In their latest approach, Ofcom acknowledges a lack of flexibility in the current understanding of these rules. They therefore propose to clarify their position on what is deemed a specialised service and adopt a more flexible approach that allows networks to use resources more efficiently. In particular, the guidance sets out:

  • how services will be assessed against the revised optimisation criteria;
  • how services will be assessed against the impact they have on the availability and quality of internet access; and
  • guidance on definitions to make it easier for ISPs to determine whether their services will be subject to any specialised service rules or require application of the wider regime.

Using traffic management measures to manage networks

In Ofcom’s latest guidance, the rules on traffic management continue to be an important safeguard of an open web, given the “gatekeeper position” ISPs hold in their roles as providers of the service.

The current rules permit ISPs to apply certain measures above and beyond “reasonable traffic management” where circumstances require, such as during times of heavy congestion. These will allow ISPs to continue to monitor and regulate their network, and address any instances where congestion risks potential disruption to service. While Ofcom concedes that this may impact the customer experience at times, they express a hope that this will create a better and more cost-effective network in the long run.

Zero-rating offerings

”Zero-rating” describes a retail offer where data used by select websites or services is not counted towards a customer’s data allowance. It is of little surprise that this activity falls within the remit of net neutrality as it is, in effect, giving customers more favourable access to certain content by not reducing their overall allowance through its use. DLA Piper has blogged about zero-rating offerings many times before – the EU rules are, in our view, perverse in the way their effects impact organisations within the telecoms industry. A list of some of our blog posts on the topic can be accessed here.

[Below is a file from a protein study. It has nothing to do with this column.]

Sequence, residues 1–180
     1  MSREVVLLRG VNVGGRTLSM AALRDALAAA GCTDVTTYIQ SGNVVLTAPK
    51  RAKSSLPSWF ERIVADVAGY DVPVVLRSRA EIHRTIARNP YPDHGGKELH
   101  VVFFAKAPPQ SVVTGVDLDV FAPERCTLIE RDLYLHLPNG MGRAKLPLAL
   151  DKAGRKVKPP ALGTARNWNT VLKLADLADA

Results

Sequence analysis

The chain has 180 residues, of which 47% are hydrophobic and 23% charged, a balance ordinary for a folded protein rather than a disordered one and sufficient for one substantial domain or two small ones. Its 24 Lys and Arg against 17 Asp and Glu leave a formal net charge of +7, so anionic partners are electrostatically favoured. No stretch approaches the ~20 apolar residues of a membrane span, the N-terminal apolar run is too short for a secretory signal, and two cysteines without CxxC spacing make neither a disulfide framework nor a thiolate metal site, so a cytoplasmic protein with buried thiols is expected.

The current approach, on paper, is to review each instance of zero-rating on a case-by-case basis, taking into account whether the offer:

  • has the potential to limit/exclude end-user access to certain content;
  • appears to have the ability to influence end-users; and
  • could potentially materially restrict or adversely affect end-user choices in practice.

EU countries have used these rules to prevent services which might otherwise have, in our view, improved competition (see our blog piece about instances in the Netherlands and in Slovenia here) Ofcom seeks to replace these rules with new guidance, clearly distinguishing the factors they will consider on a case-by-case basis and clarifying that concern is only raised under limited circumstances.

To aid in this clarification, three types of zero-rate offerings are to be created:

  • Type One – those where ISPs zero-rate access to information and services from public sector bodies (e.g. the NHS) that provide a public benefit and are not in competition with other suppliers. This type of offer is beneficial to consumers and is unlikely to have a detrimental impact on other content and application providers (“CAPs”).